Over the past 18 months, we have been working with organisations from every part of the e-commerce value chain to define an approach to reduce the level of CNP fraud in Australia. This industry consultation has provided us with valuable feedback from our members, merchants, regulatory bodies, payment gateways, schemes and payment service providers, and has culminated in the release of our industry CNP Fraud Mitigation Framework.
This framework is designed to reduce fraud in online, CNP channels and build customer trust while ensuring that online transactions continue to grow. It establishes authentication as best practice to mitigate CNP fraud and defines the minimum requirements for an issuer or merchant (or acquirer or payment gateway) to authenticate CNP transactions online.
The Framework will be enforced through inclusion in AusPayNet’s Issuers and Acquirers Community code set (rules). It will work by defining fraudulent transaction value and volume thresholds that all merchants and issuers must remain below. Breach of these thresholds will trigger obligations for relevant merchants or issuers to take action. Repeated breaches over a period of time could ultimately result in financial penalties for issuers or acquirers.
The Framework will be effective as of 1 July 2019. Issuers and acquirers will be required to submit the first quarterly reports to AusPayNet by 15 July 2019, covering the reporting period of April to June 2019.
For more information regarding the Framework, please email us
The pace of technology change increases each year and it’s important that we assess the likely impact at an industry wide level, to ensure the payments system continues to meet the needs of all users.
To enable early identification of any challenges or opportunities that may require an industry response, we are reshaping our Emerging Technologies Experts Group (ETEG). This group will focus on all technologies that impact the payments landscape, from QR codes to artificial intelligence. Previously the group focused more narrowly on blockchain standards, but is expanding its remit to provide a collaborative venue for members to consider the full range of relevant technologies.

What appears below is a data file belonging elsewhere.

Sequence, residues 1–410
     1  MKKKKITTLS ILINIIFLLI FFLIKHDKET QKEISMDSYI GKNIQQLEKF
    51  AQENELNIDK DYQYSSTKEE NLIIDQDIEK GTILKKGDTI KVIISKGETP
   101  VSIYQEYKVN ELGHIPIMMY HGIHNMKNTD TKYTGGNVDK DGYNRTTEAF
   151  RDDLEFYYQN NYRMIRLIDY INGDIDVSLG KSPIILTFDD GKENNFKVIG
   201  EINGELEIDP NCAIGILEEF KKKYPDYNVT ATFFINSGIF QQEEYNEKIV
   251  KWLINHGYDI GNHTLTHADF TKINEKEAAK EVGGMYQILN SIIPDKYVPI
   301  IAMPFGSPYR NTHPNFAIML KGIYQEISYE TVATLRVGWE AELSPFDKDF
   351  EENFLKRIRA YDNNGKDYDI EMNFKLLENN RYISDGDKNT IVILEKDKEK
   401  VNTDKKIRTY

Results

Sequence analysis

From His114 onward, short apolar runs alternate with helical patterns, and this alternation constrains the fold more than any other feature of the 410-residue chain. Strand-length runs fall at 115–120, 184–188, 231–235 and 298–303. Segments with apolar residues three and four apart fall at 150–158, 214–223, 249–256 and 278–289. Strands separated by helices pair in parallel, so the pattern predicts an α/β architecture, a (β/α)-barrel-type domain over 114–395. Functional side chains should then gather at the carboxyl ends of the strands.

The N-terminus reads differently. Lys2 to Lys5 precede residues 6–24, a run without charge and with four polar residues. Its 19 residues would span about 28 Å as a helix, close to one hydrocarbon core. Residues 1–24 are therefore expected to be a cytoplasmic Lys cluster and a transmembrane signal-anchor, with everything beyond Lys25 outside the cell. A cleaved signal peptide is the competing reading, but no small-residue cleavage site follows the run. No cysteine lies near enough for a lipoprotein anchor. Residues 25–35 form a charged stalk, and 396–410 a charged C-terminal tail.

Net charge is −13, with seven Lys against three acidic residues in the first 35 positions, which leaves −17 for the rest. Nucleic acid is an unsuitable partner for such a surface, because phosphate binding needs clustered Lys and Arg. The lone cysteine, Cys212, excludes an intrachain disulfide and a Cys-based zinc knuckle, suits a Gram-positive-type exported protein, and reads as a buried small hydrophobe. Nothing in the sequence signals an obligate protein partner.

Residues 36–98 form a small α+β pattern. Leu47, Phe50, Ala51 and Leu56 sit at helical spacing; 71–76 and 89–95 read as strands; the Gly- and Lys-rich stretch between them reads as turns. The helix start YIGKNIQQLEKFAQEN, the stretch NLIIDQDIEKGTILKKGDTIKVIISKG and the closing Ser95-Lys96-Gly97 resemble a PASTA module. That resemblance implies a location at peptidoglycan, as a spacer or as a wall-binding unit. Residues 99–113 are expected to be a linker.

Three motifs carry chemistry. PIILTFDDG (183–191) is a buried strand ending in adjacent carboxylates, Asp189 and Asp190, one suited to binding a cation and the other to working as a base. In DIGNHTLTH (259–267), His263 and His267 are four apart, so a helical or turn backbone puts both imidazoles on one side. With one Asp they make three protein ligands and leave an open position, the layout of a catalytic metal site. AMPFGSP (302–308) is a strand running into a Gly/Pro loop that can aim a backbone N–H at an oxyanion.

The group will meet quarterly and will be run in a way that makes remote participation easy. Over time, we hope to hold the sessions outside Sydney also. We will hold the first session in mid-May, so please get in touch if you have suggested topics for inclusion, or you’d like to join the group.
We look forward to hearing from you: ETEG@auspaynet.com.au
Reviewing existing standards and developing new ones is an important part of our work to ensure the security of card payments and support innovation at point-of-sale.
Over the past months, our technical team has been heavily involved in Payments Card Industry Security Standards Council's (PCI SCC) work to introduce a security standard for accepting contactless payments at commercial of the shelf (COTS) devices e.g. tablets and mobile phones. PCI SCC has now released the Contactless Payments on COTS Standard to the Mobile Taskforce for RFC, which ends on 14 May, and is on track to publish the Standard by the end of 2019.